Three cheers

30th April 2019 - Downend & Fishponds vs Clevedon

To be honest, it's felt like it was finals all the way down. First there was the perennially strong Horfield. Then there was the immense Bath during their juggernaught phase of the season. The expected final against the combined might of Clifton A (league champions) and B (who were possibly even stronger by the end) didn't come to pass as dark horses Clevedon managed to bankrupt the bookies and beat them to it. So it was a repeat of the final 5 years ago, which had to be settled on board count.

All Boards

John Stubbs performed a miracle by getting this shot of everyone at their board.

Board 1

Having worked wonders in the last round, Tyson took a more serene approach to the final. A modern opening, transposing into something not far from an exchange King's Indian Defence suggested that the excitement was not to be found on this board. Fortunately, no one was left waiting as the draw was agreed on move 12.


Well there'll be no back rank mates, so I guess it's a draw?

Board 2

Steve's Scotch game took on the look of Dragon without a g7 bishop and while black appeared to be getting the quicker of the attacks in, the ambitious and wonderfully creative knight sacrifice didn't have the right sort of fiery breath to finish white off. After Steve defended for a few moves, white's material advantage settled the game.


But g7-bishop is the very definition of the Dragon. These reports have gone downhill.

Board 3

Lewis started strongly and was gaining an advantage in a Najdorf that looked like a dodgy Sveshnikov. The minor bits came off and while there was a white passed-pawn racing up the board, it looked good for black. Unfortunately for us the complications proved too much and the effort to win a rook came at the cost of giving away a back rank mate.


Tyson was right!

Board 4

Oscar's game was a messy affair with pawns being hurled across the board. An intermezzo that allowed a different capture meant that Matthew's queenside attack wasn't landing as quickly as Oscar's in the centre against the uncastled king.


This picture highlights how much of this game's "development" was actually just pawn pushes.

Board 5

Richard had the joy of facing Stuart and 1.b4, which although surely objectively unsound, never really seems to be in practice. After the position turned into stonewall-esque affair, white was unable to guard a lose a-pawn. After that, Richard exchanged into a good endgame which he converted in no time at all.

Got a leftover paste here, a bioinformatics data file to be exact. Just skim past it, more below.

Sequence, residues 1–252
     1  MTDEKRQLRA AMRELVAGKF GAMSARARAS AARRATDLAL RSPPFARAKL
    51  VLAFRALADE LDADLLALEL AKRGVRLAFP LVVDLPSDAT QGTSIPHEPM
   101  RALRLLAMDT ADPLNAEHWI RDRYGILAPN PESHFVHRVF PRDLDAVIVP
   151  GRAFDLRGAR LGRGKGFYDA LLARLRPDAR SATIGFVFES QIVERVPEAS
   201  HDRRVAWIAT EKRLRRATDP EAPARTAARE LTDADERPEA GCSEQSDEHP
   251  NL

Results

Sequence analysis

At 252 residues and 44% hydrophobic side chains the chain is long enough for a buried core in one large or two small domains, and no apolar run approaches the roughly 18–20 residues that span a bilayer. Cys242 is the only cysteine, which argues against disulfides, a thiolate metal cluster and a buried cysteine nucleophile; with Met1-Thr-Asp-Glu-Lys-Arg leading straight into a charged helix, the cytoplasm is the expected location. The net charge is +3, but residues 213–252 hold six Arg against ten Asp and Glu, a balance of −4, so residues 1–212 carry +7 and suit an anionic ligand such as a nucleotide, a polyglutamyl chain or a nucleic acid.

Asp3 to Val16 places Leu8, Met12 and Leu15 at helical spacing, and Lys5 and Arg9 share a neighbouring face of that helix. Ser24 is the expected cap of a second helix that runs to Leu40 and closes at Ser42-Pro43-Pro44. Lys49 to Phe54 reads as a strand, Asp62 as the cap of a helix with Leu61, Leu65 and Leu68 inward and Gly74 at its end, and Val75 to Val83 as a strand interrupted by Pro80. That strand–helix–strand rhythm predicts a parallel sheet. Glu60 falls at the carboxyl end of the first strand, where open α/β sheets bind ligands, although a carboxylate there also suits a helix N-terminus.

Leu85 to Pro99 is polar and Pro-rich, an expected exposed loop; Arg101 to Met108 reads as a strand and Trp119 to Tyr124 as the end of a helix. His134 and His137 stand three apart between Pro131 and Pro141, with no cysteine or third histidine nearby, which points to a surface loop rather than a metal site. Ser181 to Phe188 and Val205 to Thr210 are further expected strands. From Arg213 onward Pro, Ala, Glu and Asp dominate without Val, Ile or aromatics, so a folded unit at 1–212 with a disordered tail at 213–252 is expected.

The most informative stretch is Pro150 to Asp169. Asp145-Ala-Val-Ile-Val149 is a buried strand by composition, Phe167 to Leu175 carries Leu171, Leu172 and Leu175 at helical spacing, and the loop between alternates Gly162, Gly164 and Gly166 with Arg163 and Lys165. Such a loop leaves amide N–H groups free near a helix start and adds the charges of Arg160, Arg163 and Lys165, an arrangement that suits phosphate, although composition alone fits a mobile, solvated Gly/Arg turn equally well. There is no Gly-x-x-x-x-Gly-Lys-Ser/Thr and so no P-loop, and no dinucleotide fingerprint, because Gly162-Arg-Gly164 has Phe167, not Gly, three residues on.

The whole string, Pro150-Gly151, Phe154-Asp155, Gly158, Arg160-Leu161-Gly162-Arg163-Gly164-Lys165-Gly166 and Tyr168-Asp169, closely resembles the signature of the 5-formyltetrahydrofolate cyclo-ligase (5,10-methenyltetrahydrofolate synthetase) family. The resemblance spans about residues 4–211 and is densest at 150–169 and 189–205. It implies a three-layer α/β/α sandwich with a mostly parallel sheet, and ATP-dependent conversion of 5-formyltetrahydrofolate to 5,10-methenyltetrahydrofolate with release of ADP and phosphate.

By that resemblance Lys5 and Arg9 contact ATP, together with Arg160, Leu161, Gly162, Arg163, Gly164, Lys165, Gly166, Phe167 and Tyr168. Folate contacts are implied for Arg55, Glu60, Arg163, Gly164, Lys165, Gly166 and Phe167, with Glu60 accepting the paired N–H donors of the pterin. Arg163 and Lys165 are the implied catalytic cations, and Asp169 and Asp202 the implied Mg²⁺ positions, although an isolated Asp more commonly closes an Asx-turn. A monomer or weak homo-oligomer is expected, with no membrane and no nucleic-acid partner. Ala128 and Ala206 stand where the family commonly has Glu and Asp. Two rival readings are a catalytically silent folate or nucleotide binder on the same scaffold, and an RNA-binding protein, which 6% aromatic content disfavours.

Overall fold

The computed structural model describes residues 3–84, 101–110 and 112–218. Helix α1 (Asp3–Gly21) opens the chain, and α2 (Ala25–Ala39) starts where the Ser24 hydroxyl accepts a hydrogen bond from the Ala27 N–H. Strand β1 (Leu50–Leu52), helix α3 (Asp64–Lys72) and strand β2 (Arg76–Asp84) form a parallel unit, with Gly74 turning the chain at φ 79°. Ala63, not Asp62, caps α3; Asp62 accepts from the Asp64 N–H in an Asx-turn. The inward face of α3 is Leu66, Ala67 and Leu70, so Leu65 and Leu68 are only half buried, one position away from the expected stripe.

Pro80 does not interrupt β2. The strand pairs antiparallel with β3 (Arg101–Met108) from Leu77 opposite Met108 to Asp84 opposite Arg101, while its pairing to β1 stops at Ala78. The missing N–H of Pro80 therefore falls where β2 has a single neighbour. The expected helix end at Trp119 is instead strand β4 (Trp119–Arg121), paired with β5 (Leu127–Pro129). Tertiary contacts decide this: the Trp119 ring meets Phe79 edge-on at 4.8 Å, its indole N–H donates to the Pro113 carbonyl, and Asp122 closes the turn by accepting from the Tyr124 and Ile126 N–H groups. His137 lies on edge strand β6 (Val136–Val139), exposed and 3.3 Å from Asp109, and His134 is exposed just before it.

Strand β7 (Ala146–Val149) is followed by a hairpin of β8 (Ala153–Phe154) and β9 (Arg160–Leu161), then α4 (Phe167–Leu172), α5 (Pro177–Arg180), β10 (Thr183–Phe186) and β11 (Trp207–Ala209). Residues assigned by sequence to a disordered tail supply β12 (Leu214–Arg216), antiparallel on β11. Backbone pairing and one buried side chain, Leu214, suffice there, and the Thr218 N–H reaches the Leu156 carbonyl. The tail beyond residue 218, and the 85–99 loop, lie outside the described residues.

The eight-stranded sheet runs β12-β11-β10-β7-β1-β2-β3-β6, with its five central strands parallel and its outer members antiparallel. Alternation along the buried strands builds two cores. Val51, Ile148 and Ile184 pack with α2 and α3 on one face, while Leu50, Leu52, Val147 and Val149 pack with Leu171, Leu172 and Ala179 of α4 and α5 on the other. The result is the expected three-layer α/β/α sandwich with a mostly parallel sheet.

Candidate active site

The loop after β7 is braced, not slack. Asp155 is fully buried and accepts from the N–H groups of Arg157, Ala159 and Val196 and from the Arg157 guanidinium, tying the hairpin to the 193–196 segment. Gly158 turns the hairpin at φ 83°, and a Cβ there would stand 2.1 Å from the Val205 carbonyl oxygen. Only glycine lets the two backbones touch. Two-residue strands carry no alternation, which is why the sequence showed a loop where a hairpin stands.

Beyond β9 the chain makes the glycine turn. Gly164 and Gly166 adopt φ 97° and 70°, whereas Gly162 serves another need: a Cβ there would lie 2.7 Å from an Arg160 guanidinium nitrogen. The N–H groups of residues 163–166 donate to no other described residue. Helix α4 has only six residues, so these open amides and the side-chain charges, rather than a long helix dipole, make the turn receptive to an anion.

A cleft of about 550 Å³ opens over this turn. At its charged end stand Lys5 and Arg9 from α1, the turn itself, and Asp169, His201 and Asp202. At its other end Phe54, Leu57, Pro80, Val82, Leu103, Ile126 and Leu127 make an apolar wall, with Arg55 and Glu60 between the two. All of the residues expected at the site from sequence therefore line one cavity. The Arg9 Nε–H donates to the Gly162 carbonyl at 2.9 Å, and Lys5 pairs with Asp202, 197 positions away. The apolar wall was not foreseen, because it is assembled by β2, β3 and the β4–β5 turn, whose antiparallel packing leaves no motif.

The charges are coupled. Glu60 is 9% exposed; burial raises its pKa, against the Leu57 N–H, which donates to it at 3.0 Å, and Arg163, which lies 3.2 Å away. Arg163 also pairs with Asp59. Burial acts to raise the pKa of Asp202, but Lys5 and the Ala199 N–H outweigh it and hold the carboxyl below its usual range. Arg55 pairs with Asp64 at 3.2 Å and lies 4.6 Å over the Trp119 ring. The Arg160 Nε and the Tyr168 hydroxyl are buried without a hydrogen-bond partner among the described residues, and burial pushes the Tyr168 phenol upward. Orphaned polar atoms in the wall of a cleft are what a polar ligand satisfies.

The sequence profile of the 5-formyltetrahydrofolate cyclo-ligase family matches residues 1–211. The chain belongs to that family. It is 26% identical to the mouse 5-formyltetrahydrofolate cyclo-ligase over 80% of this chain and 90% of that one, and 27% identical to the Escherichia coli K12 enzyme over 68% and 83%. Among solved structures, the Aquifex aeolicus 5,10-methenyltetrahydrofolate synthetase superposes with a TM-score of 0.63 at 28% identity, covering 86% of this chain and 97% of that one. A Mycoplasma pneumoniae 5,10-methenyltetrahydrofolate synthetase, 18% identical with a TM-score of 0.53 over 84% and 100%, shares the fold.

The key to defeating 1.b4 is obviously to target the hole on a3.

Board 6

Nigel played solid chess. It was the sort of chess you'd want to teach. Fortunately for the spectactors, Paul did not. White took all the space, repelled black's ideas, attacked a weak pawn and ended with a satisfying double check to win a piece.


"Oh what's he going to say about my chess now?"

Board 7

I offered a gambit pawn relatively early on with the idea of chucking everything at Chris' kingside. He instead, quite rudely, took two and refused to let me in, preferring his own, frankly, selfish attack. Just as I was about to throw in the towel, time pressure wobbles let me start checking with the queen but the white king found refuge around b6.


Contrary to this image, and what spectators may have thought, I was not asleep at the board.

Board 8

Oli maintained a persistent edge through the whole game and it felt like a matter of time before it would be converted. It was in the endgame when the play seemed to revolve around white picking up black's isolated queen pawn that Oli spotted the rook "sacrifice" to do just that. After that, Oli had only to fend off draw offers before claiming the final point.


And with that, Oli never played below board 3 again.

This may be our third knockout title in as many years, but let's hope that this is a sign of good things to come at The Cross Hands!


Steve "The Mercenary" Meek, left before Dave Tipper could corral us for a photo.

Michael Meadows